None of the victims affirmatively identified Tariq-Madyun as the robber. One of the victims, however, testified that she could discern the shape of the robber's facial features through his fabric face mask, which rested tightly against his face, and that the features matched those of Tariq-Madyun.
The state presented evidence that, in 2006, Tariq-Madyun had pleaded guilty to and been convicted of several armed robberies of fast-food restaurants or other, similar restaurants in Alabama. In each of those robberies, Tariq-Madyun had entered the restaurant at a time that was not very busy, either shortly after opening or shortly before closing; had worn black clothing including a hood or hat and a mask; had worn gloves; had possessed the same type of gun (a black, semiautomatic pistol); had spoken to the first person he approached with a calm demeanor; had forced the restaurant employees at gunpoint into the back of the restaurant and made them lie on the floor; had singled out a person to accompany him to the place where the restaurant kept its money, such as the office; had instructed that person to place the money into a bag that he held out to them; had then made that person return to the group of employees; and had left the premises on foot.
2. Waiver of the right to counsel.
Tariq-Madyun argues that the trial court erred in accepting his waiver of his right to counsel without first advising him that his “sovereign citizen” defense was meritless. We disagree.
A criminal defendant “has a fundamental right to represent himself in a state criminal trial when he voluntarily and intelligently elects to do so.” Clarke v. Zant, 247 Ga. 194, 195, 275 S.E.2d 49 (1981) (citation and punctuation omitted). “Under Faretta [v. California, 422 U. S. 806, 95 S.Ct. 2525, 45 L.Ed.2d 562 (1975),] the trial court must apprise the defendant of the dangers and disadvantages inherent in representing himself so that the record will establish that he knows what he is doing and his choice is made with eyes open.” State v. Evans, 285 Ga. 67, 68, 673 S.E.2d 243 (2009) (citation and punctuation omitted). On appeal, the state bears the “burden of showing that [the] defendant received sufficient information and guidance from the trial court to make a knowing and intelligent waiver of the right to trial counsel.” Renfro v. State, 348 Ga. App. 615, 617 (2), 824 S.E.2d 75 (2019) (citation and punctuation omitted). We review the trial court's ruling on this issue for abuse of discretion. Id.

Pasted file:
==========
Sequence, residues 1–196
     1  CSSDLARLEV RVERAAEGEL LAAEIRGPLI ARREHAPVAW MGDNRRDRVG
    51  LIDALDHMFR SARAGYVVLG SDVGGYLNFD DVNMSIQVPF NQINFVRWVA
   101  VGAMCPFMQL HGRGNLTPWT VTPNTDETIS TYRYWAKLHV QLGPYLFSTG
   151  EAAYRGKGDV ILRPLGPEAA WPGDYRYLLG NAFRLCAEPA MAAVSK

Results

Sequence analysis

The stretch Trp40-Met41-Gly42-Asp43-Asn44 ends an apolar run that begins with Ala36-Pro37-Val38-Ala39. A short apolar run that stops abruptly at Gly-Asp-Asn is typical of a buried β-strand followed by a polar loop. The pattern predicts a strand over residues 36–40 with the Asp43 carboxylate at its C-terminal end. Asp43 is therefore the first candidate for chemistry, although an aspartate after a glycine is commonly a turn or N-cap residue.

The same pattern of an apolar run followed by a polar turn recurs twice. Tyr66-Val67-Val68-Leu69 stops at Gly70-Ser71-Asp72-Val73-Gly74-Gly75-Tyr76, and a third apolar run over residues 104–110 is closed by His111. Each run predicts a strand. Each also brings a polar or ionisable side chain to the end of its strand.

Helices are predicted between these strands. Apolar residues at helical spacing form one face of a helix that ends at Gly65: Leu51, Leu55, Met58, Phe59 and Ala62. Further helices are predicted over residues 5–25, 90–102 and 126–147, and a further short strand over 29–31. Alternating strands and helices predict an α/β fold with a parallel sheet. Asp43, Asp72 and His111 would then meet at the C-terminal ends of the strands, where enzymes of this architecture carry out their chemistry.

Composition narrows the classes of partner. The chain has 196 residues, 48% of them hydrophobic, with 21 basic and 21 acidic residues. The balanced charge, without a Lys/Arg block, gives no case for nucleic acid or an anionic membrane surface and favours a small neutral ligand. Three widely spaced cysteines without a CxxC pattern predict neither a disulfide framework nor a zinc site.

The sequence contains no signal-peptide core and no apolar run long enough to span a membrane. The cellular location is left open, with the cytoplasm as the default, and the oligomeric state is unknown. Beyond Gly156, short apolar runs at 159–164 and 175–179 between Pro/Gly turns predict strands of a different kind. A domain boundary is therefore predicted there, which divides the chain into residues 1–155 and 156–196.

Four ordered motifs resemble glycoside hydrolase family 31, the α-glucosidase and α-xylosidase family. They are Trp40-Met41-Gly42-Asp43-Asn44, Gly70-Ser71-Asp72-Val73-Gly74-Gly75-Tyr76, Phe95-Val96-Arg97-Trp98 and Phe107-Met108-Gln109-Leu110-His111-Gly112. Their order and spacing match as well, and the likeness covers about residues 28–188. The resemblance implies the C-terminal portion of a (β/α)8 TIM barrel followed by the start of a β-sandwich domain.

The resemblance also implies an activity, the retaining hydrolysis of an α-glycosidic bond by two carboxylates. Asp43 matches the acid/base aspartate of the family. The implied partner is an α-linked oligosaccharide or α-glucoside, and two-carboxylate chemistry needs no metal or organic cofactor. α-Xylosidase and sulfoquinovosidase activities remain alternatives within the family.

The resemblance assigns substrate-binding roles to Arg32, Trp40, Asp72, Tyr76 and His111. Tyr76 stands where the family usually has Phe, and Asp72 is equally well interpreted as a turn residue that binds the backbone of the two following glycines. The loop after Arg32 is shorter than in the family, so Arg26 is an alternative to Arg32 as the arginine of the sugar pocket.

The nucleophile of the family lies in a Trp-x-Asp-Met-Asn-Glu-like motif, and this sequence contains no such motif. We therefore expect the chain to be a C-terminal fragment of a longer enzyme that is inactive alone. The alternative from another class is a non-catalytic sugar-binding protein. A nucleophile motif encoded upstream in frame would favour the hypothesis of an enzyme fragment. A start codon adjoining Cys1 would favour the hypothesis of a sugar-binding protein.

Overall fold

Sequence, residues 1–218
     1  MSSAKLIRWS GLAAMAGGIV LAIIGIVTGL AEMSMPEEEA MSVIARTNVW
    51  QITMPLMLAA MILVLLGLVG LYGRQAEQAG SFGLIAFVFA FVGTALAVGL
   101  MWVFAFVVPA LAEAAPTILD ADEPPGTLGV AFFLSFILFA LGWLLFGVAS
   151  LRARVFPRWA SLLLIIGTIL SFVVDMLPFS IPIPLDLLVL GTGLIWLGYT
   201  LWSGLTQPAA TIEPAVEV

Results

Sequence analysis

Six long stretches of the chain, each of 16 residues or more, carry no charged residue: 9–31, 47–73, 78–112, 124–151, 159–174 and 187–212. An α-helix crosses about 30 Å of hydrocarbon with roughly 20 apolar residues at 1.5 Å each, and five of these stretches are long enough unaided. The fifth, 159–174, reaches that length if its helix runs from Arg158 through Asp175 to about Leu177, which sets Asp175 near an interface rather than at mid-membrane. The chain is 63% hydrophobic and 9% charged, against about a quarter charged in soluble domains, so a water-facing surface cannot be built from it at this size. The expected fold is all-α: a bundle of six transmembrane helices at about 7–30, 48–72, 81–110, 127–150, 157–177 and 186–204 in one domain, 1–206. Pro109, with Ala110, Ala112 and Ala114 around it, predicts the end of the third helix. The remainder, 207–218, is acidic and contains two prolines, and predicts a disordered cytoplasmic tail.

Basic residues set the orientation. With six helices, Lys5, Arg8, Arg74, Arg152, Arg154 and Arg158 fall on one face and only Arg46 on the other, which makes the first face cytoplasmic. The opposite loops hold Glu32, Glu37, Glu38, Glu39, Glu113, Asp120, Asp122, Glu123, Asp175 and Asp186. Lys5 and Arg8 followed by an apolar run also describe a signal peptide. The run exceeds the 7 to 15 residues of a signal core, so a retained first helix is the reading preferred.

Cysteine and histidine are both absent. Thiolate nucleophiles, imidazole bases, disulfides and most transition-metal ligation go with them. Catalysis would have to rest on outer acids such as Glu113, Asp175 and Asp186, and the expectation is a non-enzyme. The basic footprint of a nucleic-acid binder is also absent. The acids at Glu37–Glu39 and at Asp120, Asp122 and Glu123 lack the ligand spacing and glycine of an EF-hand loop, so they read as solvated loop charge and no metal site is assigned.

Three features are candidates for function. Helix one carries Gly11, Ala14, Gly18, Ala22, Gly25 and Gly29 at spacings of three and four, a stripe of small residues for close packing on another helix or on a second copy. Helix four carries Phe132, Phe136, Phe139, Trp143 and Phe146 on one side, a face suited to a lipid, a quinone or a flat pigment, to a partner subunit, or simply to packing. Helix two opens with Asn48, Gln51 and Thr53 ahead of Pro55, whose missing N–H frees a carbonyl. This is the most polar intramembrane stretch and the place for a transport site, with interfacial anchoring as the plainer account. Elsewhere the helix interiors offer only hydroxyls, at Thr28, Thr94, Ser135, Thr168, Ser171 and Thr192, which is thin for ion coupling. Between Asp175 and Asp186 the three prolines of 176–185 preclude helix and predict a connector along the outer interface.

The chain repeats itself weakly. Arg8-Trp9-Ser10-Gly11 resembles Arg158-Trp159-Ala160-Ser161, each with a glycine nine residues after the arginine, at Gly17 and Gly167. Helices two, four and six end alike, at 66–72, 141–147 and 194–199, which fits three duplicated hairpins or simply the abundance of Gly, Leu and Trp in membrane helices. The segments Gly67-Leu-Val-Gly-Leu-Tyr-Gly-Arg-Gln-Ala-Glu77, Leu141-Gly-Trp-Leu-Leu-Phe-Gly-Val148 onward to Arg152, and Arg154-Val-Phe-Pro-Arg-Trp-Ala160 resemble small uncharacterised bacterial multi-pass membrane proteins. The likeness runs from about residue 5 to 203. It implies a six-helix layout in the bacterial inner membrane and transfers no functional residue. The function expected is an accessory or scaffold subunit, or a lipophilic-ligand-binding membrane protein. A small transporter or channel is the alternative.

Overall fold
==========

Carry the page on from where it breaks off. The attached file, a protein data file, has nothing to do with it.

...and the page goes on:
The record shows that, after Tariq-Madyun stated his desire to represent himself, the trial court engaged in a waiver colloquy with him. See generally Wiggins v. State, 298 Ga. 366, 368 (2), 782 S.E.2d 31 (2016) (once a defendant makes a pretrial, unequivocal assertion of the right to self-representation, the trial court must engage in a hearing to ensure the defendant knowingly and intelligently waives his right to counsel). The trial court set out the offenses alleged in the indictment and informed Tariq-Madyun of the maximum penalty for each offense. The trial court informed Tariq-Madyun that he might have possible defenses to the charges or other arguments in favor of acquittal and told him that an attorney could give him “independent perspective ․ in analyzing, reviewing, and presenting the case in the most effective way.” The trial court stated that self-representation “may result in consequences to [Tariq-Madyun's] detriment” and warned him of disadvantages to self-representation: that Tariq-Madyun would not be entitled to any special treatment from either the trial court or the prosecutor; that he would be assuming full responsibility for his defense, including as to “the technical rules of substantive law, criminal procedure, and evidence for making motions, objections, presentation of the evidence, and all other matters related to this trial”; and that he might “miss important defenses to the case because of [his] lack of knowledge of the law.” In response to questions from the trial court, Tariq-Madyun confirmed that he had a high school equivalency diploma, that he could read and write the English language, that he was not currently under the care of any mental health professional, and that he was not currently under the influence of any drugs, prescription medications, or alcohol.